Here’s some more bad news on personal data security: a recent University of Phoenix College of Health…
Here’s some more bad news on personal data security: a recent University of Phoenix College of Health Professions online survey found that 20 percent of registered nurses (RNs) and 19 percent of administrative staff indicated that their facilities have experienced a breach of private patient data.
That’s right, one in five of these professionals report that patient data had been breached at their healthcare facilities.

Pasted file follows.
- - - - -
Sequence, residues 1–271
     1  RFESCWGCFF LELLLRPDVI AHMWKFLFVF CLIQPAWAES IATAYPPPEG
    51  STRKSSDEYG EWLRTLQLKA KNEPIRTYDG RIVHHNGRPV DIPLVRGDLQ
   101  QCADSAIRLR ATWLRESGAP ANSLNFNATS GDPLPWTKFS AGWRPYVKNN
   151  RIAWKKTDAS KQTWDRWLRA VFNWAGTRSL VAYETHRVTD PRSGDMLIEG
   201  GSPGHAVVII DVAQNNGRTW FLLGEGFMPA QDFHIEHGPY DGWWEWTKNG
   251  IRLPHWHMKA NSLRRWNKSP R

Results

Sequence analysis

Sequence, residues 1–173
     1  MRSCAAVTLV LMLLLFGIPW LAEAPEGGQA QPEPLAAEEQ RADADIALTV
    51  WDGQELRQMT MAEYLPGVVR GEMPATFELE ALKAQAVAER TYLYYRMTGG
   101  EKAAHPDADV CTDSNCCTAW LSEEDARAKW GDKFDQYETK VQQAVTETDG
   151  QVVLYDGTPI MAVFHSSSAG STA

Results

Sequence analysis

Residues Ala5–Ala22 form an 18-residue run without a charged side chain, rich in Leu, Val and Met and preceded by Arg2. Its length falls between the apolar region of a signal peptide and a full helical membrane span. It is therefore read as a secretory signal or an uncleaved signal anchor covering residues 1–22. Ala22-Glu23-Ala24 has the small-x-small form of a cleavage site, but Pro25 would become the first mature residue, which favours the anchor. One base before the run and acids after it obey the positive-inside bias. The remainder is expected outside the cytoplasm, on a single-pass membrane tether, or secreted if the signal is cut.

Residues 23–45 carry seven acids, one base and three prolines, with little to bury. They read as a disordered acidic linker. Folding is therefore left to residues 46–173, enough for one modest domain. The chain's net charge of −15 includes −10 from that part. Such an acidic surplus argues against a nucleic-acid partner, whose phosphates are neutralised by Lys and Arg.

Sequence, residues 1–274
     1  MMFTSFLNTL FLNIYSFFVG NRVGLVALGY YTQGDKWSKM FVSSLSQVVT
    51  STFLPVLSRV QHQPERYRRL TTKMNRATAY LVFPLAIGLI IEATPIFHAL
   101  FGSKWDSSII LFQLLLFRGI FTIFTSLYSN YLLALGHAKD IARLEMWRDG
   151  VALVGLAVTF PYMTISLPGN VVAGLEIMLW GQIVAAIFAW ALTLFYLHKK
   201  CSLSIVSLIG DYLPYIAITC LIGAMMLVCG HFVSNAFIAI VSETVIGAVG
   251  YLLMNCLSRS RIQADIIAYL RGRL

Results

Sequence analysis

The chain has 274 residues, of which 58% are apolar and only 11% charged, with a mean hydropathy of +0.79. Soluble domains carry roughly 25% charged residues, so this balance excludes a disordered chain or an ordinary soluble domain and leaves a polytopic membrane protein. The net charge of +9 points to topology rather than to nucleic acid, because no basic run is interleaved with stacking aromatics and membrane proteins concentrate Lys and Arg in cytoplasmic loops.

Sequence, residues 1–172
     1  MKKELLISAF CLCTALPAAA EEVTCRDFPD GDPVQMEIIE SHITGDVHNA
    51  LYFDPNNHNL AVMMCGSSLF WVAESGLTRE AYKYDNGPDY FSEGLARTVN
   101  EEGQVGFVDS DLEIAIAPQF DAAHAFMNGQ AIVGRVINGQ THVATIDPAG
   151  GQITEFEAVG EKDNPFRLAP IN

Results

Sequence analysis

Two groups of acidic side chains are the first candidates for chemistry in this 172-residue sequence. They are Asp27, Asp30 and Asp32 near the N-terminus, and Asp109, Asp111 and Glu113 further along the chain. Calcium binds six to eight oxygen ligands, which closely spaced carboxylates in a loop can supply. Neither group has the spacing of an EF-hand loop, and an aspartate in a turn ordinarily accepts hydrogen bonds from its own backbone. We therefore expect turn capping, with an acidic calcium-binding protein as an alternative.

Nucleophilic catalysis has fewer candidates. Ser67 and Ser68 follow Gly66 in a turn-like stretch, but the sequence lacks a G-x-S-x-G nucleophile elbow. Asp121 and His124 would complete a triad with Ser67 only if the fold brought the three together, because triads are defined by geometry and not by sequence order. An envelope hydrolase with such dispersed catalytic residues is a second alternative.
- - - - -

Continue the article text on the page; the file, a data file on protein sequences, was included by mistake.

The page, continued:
What’s worse, not much is being done about it, apparently: Only a quarter of registered nurses surveyed have seen changes in the way their companies handle data security and patient privacy over the past year, despite increased data breaches across all industries.
The healthcare industry continues to be one of the highest targeted by cybercriminals, due to its heavy reliance on technology and vast amount of available patient data.
The Identity Theft Resource Center notes that, as of November 2017, there have been nearly 5 million data breaches in the medical/healthcare industry.
According to the IBM’s 2017 Cost of Data Breach Study, healthcare is the most costly industry for data breaches, with organizations spending an average of $380 per impacted record, costing the industry approximately $1.9 billion.
The potential cost of these breaches to individuals could be equally high. Clearly, more needs to be done to secure our most private data.